[Updated 10 Sept 2016]
Satan on the small screen: handsome, charming, and British. What’s not to like?!
With the gleeful Tom Ellis filling the title role, Lucifer Morningstar is bored after eons in Hell, so he opts out to come to L.A. and open a club. His principal talent seems to be getting folks to fess up to their repressed desires and say what they’ve been feeling all along. Emotional honesty.
After a singer he’s promoted dies in his arms in a brutal hit, he pairs up with Chloe Decker, a hot LAPD detective, to solve the crime. Chloe fascinates him with her obliviousness to charms that work on every other woman he’s met and bedded. The Devil, we’re not surprised to learn, is a ladies’ man.
That’s the problem, say the million moms who’ve lobbied against the show. “It makes a mockery of the Bible.”
News flash, moms. Mockery? Hardly. It makes a thought-experiment into a police procedural with a twist. The Devil doesn’t belong only to Christianity, after all, and the writers really didn’t set their sights on alienating middle America where a wide swath of their viewership lives. They’ve got better things to do than piss off the religious right. And Protestants have been making a mockery of Catholic beliefs like the Mass, indulgences, transubstantiation, holy water, and so on for centuries. Turn about is only fair play.
The concept’s got promise. Here’s a chance to explore a suave and sympathetic character who, surprisingly, tells the truth at least as often as most preachers. Gently puncture the pretensions of our polite social consciousness and get people to admit they really do hate, lust, lie, envy and so on. (If this is actual news to anyone over the age of eight, they’ve got far bigger issues to handle.)
Make us laugh about it, rather than go all cross-eyed, hypocritical and schizoid. Bring the slippery, moist, animal parts of our human selves out of the darkness and guilty repression and into the light of consciousness. Lucifer: light-bringer, after all. A little honesty for a change. From the one that Christians call … the Liar.
Of course the show aims to entertain first and foremost. Success means advertising dollars and viewers. Maybe it’s capitalism that’s Satanic?
Occasionally the series, renewed for a second season, also asks good questions. At one point Lucifer wonders aloud to fellow angel Amenadiel, “Do you think I’m the devil because I’m inherently evil or just because dear old Dad decided I was?”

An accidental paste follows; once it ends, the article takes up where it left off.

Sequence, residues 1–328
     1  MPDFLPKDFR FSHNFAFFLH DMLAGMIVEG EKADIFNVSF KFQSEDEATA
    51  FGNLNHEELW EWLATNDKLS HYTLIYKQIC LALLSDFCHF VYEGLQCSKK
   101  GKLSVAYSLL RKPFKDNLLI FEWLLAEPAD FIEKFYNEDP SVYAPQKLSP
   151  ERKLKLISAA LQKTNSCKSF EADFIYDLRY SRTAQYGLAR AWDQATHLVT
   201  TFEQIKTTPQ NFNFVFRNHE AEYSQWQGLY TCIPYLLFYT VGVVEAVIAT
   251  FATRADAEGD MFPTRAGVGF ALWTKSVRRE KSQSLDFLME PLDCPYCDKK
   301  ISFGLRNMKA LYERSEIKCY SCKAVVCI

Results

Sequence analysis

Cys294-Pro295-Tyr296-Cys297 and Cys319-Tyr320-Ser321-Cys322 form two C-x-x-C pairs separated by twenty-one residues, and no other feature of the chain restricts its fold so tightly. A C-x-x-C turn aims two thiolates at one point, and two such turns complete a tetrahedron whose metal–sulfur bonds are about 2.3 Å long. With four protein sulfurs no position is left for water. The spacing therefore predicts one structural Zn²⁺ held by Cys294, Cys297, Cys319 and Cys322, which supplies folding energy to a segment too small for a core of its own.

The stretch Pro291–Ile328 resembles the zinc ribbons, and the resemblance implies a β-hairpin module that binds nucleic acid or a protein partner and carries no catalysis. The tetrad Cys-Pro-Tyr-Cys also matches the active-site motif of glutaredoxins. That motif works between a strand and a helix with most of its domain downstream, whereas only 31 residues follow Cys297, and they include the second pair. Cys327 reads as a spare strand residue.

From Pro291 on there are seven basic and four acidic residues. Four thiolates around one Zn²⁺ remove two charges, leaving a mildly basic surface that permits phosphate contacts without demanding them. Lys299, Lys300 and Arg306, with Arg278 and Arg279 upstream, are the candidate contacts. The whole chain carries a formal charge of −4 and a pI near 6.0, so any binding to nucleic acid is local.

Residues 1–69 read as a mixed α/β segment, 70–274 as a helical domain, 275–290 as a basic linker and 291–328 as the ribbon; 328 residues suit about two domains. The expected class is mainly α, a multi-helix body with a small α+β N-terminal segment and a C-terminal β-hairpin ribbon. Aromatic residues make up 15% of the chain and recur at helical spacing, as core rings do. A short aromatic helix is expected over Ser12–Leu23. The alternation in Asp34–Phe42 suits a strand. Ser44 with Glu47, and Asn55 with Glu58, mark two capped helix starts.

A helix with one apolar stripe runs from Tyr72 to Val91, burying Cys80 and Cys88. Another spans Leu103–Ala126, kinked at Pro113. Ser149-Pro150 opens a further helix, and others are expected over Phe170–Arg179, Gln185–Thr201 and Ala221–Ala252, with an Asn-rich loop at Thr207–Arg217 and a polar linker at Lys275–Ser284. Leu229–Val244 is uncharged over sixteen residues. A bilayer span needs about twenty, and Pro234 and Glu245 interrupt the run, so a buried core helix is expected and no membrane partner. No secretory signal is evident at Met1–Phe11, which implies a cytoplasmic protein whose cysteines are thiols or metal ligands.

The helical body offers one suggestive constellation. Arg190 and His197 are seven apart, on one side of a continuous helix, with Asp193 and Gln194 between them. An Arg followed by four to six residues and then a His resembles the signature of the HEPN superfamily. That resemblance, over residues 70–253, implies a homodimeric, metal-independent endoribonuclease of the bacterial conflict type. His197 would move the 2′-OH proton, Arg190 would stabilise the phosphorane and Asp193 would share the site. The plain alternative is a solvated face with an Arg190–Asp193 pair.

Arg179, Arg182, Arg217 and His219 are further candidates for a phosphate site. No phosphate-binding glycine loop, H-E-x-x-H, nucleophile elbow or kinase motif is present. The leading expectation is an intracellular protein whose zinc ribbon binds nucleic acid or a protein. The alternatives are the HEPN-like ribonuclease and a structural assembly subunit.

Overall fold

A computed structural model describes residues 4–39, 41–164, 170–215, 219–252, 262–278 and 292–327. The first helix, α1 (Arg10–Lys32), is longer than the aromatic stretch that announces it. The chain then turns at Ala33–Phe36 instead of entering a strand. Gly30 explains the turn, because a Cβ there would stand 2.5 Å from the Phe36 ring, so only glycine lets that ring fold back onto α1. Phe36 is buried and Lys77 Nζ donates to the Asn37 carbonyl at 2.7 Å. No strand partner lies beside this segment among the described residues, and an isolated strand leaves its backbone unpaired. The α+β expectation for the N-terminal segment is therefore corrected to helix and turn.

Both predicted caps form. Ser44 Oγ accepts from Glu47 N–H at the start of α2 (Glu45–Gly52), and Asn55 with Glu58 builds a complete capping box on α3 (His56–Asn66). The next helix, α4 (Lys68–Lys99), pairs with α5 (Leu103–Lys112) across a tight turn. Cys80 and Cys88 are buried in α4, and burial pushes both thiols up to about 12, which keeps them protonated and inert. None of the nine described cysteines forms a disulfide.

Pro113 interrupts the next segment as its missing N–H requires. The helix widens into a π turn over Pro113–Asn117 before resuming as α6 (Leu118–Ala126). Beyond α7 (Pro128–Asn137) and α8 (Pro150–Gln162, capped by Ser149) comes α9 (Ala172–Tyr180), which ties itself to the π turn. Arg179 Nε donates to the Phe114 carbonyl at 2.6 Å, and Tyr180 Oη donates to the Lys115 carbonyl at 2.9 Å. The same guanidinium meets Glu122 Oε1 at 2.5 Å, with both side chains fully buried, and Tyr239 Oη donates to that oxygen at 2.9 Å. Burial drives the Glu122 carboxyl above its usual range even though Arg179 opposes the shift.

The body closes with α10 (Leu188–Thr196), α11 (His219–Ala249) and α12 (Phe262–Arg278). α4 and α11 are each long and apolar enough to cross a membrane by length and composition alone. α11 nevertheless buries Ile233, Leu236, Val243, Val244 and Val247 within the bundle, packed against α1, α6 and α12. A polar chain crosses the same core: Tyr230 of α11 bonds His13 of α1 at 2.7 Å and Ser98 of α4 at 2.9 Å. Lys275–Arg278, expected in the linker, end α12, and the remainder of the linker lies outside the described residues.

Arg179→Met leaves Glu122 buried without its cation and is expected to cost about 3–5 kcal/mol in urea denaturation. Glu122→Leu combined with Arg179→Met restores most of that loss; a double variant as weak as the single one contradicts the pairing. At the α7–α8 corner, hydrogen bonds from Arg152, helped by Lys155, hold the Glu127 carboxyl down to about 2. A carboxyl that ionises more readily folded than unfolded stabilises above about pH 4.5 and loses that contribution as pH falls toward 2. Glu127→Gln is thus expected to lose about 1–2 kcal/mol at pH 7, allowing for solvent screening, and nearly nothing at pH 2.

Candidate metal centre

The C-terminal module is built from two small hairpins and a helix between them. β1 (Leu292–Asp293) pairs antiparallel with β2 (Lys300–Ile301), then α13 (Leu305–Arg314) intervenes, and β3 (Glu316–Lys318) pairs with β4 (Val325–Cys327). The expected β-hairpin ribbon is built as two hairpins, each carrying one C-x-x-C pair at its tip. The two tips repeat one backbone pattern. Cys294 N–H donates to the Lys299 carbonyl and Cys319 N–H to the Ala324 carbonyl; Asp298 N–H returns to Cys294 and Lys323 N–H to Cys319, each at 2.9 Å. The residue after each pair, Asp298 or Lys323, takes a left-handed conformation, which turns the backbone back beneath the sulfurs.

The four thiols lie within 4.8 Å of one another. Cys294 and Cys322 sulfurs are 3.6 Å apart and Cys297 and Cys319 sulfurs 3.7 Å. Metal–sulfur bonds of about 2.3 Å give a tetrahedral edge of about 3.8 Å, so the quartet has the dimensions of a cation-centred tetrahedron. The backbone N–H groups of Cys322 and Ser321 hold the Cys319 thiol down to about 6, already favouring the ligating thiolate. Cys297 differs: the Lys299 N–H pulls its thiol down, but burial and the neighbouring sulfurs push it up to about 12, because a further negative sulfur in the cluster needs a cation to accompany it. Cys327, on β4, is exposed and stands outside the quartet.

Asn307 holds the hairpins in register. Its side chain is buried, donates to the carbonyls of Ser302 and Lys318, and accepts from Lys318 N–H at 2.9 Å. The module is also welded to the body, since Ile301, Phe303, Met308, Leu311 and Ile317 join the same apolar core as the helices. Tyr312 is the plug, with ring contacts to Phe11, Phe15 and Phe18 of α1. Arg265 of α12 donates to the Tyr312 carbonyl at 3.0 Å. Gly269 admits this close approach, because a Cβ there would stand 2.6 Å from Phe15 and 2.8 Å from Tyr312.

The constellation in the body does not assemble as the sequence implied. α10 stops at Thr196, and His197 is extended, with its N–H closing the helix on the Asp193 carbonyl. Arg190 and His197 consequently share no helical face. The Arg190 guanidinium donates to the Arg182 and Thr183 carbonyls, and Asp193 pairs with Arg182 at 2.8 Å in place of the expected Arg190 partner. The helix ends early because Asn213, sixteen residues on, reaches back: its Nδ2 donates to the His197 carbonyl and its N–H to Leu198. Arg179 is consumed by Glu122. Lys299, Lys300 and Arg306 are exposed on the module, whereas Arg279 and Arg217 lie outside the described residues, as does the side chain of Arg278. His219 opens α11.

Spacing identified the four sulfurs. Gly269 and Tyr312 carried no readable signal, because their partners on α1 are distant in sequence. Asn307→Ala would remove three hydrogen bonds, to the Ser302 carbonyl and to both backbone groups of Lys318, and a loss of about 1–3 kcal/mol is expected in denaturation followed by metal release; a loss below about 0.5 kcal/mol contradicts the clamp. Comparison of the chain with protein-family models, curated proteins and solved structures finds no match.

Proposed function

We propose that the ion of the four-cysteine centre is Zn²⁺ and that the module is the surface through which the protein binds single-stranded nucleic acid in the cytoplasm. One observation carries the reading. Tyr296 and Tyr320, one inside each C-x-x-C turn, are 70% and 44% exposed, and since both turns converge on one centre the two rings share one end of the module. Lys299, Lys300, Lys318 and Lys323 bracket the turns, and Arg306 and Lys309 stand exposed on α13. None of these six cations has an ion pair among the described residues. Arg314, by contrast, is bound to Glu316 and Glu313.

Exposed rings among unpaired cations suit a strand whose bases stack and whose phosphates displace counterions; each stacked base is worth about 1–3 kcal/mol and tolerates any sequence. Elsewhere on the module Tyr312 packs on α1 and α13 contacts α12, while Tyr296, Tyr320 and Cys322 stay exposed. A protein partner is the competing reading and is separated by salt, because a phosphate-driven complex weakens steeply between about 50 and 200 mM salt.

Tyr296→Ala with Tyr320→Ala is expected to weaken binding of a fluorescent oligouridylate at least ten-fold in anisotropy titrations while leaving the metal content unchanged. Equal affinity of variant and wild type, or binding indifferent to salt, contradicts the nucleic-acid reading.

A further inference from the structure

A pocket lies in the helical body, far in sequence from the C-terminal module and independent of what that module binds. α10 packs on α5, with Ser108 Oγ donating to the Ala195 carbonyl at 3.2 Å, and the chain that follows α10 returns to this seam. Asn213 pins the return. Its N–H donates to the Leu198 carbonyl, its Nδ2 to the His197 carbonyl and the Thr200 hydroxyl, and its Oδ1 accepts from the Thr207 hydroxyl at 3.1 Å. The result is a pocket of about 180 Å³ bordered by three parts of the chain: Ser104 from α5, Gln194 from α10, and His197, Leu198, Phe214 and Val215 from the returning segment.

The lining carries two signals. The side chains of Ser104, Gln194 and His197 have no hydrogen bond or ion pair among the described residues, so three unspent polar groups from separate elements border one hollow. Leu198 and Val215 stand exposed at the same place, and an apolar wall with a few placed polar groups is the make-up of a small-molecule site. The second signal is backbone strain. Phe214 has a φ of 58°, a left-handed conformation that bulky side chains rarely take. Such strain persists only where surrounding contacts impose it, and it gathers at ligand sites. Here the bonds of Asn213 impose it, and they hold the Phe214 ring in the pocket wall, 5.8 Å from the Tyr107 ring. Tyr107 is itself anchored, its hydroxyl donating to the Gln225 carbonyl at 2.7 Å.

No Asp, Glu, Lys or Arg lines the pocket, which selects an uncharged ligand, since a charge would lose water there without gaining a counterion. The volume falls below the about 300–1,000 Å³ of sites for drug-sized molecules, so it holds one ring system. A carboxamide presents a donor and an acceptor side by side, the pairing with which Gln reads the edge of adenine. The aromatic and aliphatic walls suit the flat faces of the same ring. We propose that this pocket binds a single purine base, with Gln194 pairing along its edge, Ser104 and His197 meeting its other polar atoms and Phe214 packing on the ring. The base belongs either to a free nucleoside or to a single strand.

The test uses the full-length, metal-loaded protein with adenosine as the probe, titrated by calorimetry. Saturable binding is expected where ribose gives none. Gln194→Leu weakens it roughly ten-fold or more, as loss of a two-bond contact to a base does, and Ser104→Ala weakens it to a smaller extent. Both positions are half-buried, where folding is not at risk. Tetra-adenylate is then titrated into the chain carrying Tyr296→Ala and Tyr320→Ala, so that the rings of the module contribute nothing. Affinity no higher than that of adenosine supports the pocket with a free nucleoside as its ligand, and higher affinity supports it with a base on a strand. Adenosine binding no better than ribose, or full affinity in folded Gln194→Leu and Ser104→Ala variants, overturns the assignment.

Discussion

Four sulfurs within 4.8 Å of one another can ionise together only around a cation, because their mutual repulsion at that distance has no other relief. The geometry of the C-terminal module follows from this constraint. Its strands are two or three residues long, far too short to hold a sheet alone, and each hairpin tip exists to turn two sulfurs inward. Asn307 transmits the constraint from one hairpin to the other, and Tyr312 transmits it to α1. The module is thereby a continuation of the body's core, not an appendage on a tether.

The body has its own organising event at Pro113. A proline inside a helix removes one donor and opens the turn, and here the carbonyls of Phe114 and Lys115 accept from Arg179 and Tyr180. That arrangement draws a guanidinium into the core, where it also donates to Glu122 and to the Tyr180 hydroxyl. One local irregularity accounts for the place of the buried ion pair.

But that’s also part of the problem, say the million moms. “The question is meant to make people rethink assumptions about good and evil, including about God and Satan.”
Really? Re-thinking? Thinking at all? On network TV? Angels and demons help us!!
Notice the missing word: whose assumptions? Generic and unconscious ones? Biblical ones? Aging cultural metaphors that desperately need periodic dusting off and squeezing for freshness? Then again, if God’s an old man with a beard sitting on a throne in the sky, then of course the Devil must be a badly-sunburned dude with pitchfork, horns and tail. Evil, you know, the opposite of the supposedly good and perfect god who made him. Who apparently didn’t try out a beta version first, or bother in any other way to check for design flaws. Who refuses any responsibility whatsoever for his work.
Own your devil, god. He’s all yours. Like father, like son.
But why does the Devil spend his time punishing sinners? Isn’t that God’s work? The Christian devil wants people to mess up! Why then is he God’s jailer and janitor, taking out the human trash, helping to “clean up the streets”? Fox Network gives us multiple motives. The Devil’s acquired a personal interest. The L.A. detective’s hot, she’s a challenge, and the pilot gives Lucifer a stake in bringing criminals to justice that any self-respecting devil would care about: revenge.
Maybe ultimately what bothers the million moms the most: Lucifer himself is, in Christian terms, redeemable. He can grow and change, like any three dimensional person. Any being who’s more than a convenient scapegoat or cardboard cut-out prop.
Or to put it in non-moral terms: He’s not black and white, but a good human gray. A mix. In Lucifer’s case, a party mix.
Image: Fox’s Lucifer.